September 1, 2011
JOSEPH, ORE. —
The national Backcountry Hunters & Anglers is announcing a reward aimed at stopping lawbreakers who disturb public land, water and wildlife on motor vehicles such as All-Terrain Vehicles.
"All-terrain vehicles are popular and powerful tools, with a valid place on our nationalforests," said Jim Akenson, executive director. "However, these tools are too often abused, impacting habitat and hunting opportunities."
For several years, Backcountry Hunters & Anglers has offered rewards to people who report people who drive behind gates, vandalize the land or harass wildlife on all-terrain vehicles. The BHA board recently reauthorized this fund.
"We need motorized access to our public lands, but at the same time we need habitat totally separate from the noise and disturbance that comes with motor vehicles," Akenson said. "When people drive behind closed gates, shoot from vehicles or trespass on private land, it gives all hunters a black eye. We need to police our own ranks.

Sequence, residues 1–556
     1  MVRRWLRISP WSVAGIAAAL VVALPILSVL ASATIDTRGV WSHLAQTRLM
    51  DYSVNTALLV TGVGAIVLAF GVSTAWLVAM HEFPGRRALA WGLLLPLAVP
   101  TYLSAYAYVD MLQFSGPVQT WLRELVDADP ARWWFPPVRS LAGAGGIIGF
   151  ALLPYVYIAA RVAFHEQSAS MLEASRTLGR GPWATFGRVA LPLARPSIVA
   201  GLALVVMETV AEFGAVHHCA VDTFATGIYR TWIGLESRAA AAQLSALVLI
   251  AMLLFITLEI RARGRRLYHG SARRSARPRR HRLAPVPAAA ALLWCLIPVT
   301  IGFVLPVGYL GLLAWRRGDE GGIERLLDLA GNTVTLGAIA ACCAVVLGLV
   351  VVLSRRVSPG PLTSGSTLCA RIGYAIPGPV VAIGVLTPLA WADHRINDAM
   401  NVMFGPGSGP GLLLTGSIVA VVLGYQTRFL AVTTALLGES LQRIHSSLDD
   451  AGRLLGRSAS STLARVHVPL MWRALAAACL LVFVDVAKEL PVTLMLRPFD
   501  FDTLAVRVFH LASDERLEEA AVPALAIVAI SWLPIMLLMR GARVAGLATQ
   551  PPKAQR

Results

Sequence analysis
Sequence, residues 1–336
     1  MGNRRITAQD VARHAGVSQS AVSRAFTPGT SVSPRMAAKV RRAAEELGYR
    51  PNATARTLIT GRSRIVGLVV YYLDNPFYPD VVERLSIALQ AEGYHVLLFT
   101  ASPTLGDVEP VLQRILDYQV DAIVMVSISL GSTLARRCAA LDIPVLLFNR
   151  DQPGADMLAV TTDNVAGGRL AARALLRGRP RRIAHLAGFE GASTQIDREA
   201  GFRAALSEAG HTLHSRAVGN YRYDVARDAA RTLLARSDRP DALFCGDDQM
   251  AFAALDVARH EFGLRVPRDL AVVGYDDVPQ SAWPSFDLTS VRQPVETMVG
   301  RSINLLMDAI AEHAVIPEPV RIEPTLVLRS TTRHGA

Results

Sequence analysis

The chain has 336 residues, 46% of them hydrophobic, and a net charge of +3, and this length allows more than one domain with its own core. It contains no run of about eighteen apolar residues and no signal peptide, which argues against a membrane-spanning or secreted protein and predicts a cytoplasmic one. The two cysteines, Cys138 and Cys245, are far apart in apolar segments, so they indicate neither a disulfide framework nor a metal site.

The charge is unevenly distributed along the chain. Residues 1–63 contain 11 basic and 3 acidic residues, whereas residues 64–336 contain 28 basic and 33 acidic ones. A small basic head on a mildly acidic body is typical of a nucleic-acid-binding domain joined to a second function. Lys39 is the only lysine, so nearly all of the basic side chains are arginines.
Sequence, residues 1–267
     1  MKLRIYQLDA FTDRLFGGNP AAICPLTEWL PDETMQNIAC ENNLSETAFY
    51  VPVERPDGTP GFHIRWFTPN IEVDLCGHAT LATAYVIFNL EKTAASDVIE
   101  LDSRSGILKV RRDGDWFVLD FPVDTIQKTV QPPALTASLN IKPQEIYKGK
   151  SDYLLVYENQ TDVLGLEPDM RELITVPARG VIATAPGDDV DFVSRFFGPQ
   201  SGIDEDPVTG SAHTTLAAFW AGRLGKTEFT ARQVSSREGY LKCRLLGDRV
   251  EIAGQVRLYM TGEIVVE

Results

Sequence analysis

" Following the law benefits both outdoorsmen who use ATVs responsibly and those who prefer traditional hike-in hunting or hunting with stock, he said.
BHA offers a reward up to $1000 for information that leads to the conviction of any one abusing land or water open to public hunting or fishing. For example, in the past, the BHA reward went to a Montana hunter who used a remote trail camera to document illegal riding in protected big game habitat. Another BHA member in Montana reported an outfitter who was illegally shuttling clients into a non-motorized area with a helicopter, prompting the outfitter to stop this practice.
Akenson urged anyone seeing illegal behavior this hunting season to record all pertinent information and pass it on to a state game warden or national forest law enforcement officer.
"Responsible riding means recognizing that there are some places our machines do not belong," said BHA Conservation Director Holly Endersby. "Our land, water and wildlife belong to all of us and need to be used carefully and respectfully."
Learn more:. Please download the new whitepaper PDF on the Biological Impacts of Poorly Managed ATV Traffic on Land, Water and Wildlife